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Linux companies attracting deals

Despite a grim market, the operating system continues to be a deal-making catalyst across the high-tech landscape.

A grim market notwithstanding, Linux continues to be a deal-making catalyst across the high-tech landscape.

After generally spectacular initial public offerings, Linux stocks have slipped downhill. Stock in three Linux companies traded last week below IPO prices, dragged down by the stock market descent.

But wheeling and dealing hasn't tapered off. In addition to several IPOs in the works, Linux companies have been attracting investments from established computing companies.

"There's a lot of interest in open source, despite the market's recent downturn," said Keith Bachman of WR Hambrecht. Linux is the most prominent example of the open-source model, in which anyone may participate in the creation and distribution of software.

Open-source companies, and in particular, the use of Linux in embedded devices, are very active areas for public and private investments, Bachman said. "In the hot sectors, there is more money than good deals," he said.

TurboLinux, which sells Linux along with server software, today announced investments from Oracle and Pacific Century CyberWorks. TurboLinux will certify and optimize its version of Linux for Oracle's database software and will help to bring the combination of Oracle to the Asian market where TurboLinux is strongest. Oracle already has a similar arrangement with Red Hat, TurboLinux's biggest competitor.

The other TurboLinux investor, Pacific Century CyberWorks, which invests in technology companies, is a subsidiary of Pacific Century Group and has partnered with Intel in extending computing throughout Asia.

The size of the investments in TurboLinux weren't disclosed. In January, TurboLinux received a whopping $57 million in equity investments from numerous companies, including Dell Computer, Compaq Computer and several Asian companies.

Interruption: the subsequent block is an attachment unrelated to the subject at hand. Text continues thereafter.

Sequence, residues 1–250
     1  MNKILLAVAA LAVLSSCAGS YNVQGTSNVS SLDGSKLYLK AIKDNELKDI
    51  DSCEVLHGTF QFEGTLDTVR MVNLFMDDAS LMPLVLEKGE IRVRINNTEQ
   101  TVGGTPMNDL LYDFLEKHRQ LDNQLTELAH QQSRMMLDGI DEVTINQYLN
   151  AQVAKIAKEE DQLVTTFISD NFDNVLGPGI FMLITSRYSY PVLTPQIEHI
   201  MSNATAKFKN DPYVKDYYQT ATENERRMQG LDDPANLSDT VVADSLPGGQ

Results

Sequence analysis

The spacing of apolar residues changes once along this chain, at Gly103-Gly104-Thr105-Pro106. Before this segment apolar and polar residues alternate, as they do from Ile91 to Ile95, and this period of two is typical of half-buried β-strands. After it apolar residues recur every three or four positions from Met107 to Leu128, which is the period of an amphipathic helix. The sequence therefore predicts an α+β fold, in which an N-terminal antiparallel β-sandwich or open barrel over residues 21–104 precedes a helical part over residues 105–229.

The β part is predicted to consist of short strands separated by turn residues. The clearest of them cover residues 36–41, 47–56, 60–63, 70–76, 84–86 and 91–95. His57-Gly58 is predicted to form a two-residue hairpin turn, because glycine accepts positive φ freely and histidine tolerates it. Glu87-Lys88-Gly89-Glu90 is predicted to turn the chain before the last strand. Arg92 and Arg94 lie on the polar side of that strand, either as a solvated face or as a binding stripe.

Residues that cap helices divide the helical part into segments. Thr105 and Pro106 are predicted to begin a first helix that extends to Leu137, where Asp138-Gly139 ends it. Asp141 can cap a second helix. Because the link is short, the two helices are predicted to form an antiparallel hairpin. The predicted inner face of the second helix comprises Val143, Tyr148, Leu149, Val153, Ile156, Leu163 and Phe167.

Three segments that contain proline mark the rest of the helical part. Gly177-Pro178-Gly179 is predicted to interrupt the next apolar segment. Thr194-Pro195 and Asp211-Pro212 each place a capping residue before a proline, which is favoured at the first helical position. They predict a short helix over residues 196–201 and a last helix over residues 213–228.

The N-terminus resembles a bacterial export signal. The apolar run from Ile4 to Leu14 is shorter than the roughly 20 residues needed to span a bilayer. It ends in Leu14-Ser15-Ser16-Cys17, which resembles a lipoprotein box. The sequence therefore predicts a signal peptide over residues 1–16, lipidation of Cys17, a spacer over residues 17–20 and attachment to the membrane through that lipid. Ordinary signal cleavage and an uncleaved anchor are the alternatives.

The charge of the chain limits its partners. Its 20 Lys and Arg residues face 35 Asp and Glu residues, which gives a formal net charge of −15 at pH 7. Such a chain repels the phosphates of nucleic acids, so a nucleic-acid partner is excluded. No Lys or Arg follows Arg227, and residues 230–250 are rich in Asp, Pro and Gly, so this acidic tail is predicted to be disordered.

Lineo, a sister company to Caldera Systems, has bolstered its own expansion efforts. It announced today the acquisition of Fireplug and Inup, the fifth and sixth companies to be snapped up in Lineo's buying spree. The companies will help Lineo's effort to propagate Linux in "embedded" devices--single-purpose equipment that typically has limited computing abilities.

Inup, based in France, builds a type of computer that distributes its workload across several processor boards that can be added or removed without shutting the system down. The technology, called CompactPCI, is popular among telecommunications companies.

FirePlug is the creator of ThinLinux, a stripped-down version of Linux for Intel-based computers.CNET's Linux

The use of Linux in embedded devices is increasingly popular both among start-ups and some companies that already have a strong position in the embedded device market. However, it's not yet clear exactly how Linux will be controlled in this area.

Red Hat, a leader in the use of Linux for servers, is angling for a leadership position in equipment through the embedded device contacts the company inherited with its acquisition of Cygnus Solutions. But others, such as the Embedded Linux Consortium, have a broad membership, and Linux is collaboratively developed.

Motorola has invested in Lineo and Lynx. Lynx already sells its LynxOS for embedded devices and is adding a Linux version called Blue Cat to its stable.

Lineo has plans to go public, and Lynx is a likely candidate. Lynx received more than $20 million in investments from Motorola TurboLinux.